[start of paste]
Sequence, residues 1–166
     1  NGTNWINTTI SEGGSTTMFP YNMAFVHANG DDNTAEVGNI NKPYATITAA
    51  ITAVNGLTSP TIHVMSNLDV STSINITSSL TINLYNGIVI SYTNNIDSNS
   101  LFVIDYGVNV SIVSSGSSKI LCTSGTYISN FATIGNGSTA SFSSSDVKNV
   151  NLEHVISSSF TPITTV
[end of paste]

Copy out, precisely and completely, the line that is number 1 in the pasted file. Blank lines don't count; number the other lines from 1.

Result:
Sequence, residues 1–166